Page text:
EKG Records Pulse of the City Streets
Pounding pavement on the Lower East Side, you’ll no doubt spot them everywhere. Doorways, subway stations, windows, plywood…pretty much every piece of street furniture out there. We first started spotting the EKG chalk/paint markings (not “infinity” as some have speculated) at various neighborhood locations last year.
Simple. Awesome. Channeling the heartbeat of the city. As if taking a reading on the health of select buildings around town. The true identity of the street artist is unknown, but she goes by, you guessed it, EKG. We reached out through the official Flickr page to learn more about the inspiration behind the graffiti:
EKG is an acronym for electrocardiogram, which is an electronic visual representation of a heartbeat. As a symbol strung together throughout the circuits of the city, (infinite in suggestion by its continuous horizontal transmission line and its recursive omnipresence throughout the city, aka “going All-City”), the pulse represents an expression of human aspiration, an individual expressing herself on and within the matrix, the cool grid of urbanography.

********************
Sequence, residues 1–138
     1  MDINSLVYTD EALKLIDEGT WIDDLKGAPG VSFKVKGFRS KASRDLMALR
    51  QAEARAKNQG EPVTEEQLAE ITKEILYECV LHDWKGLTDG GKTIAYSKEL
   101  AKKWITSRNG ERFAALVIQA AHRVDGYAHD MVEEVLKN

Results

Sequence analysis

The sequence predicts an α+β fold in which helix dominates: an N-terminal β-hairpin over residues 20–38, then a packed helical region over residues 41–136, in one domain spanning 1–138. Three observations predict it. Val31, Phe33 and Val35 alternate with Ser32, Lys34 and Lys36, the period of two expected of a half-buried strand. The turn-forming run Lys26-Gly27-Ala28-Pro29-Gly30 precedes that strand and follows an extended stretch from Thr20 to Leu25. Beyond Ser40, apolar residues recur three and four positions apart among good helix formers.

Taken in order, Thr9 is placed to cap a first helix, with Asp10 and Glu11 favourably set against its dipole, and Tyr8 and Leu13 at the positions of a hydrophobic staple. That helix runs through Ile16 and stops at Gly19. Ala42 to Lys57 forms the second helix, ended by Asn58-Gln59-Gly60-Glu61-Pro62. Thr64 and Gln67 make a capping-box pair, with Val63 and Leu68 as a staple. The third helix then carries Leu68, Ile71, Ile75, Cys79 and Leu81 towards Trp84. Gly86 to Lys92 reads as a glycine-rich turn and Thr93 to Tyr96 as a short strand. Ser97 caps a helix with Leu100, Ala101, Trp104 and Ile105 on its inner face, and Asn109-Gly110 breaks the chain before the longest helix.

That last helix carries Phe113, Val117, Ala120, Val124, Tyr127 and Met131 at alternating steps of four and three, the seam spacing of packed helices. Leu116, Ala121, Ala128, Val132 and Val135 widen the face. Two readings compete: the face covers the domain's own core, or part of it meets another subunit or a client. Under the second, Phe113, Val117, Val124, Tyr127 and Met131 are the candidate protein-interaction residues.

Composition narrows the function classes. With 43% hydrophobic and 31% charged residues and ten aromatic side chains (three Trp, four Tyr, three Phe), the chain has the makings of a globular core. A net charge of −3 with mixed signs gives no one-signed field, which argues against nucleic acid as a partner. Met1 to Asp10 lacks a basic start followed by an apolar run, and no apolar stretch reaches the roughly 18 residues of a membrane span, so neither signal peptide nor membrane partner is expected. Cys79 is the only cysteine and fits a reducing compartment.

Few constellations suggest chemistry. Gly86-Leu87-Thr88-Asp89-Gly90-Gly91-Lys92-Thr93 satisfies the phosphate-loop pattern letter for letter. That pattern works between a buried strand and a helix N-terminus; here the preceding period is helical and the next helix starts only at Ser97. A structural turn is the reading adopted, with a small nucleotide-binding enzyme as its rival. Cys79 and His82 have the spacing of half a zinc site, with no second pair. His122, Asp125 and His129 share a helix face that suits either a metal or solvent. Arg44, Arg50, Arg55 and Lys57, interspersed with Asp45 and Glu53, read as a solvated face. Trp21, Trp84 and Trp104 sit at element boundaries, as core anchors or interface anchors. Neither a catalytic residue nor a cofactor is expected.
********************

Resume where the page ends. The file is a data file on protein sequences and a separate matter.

Someone feels strongly enough to make a personal statement utilizing unsanctioned aesthetic manifestations, inherently anti-status quo marks. Individuals are the heart of any city. As a larger metaphor, or meta-tag, it represents the pulse of the city, the body politic. Click these DNA-HTML hyperlinks and messages will pop up: communications, personalities, philosophies, political ideologies, and so on. En masse, Graffiti and Street Art (Urban Art) are an expression of the populace of a city, their voice, their visual protest.
And in case you were wondering, EKG predominantly uses oil-based paint sticks.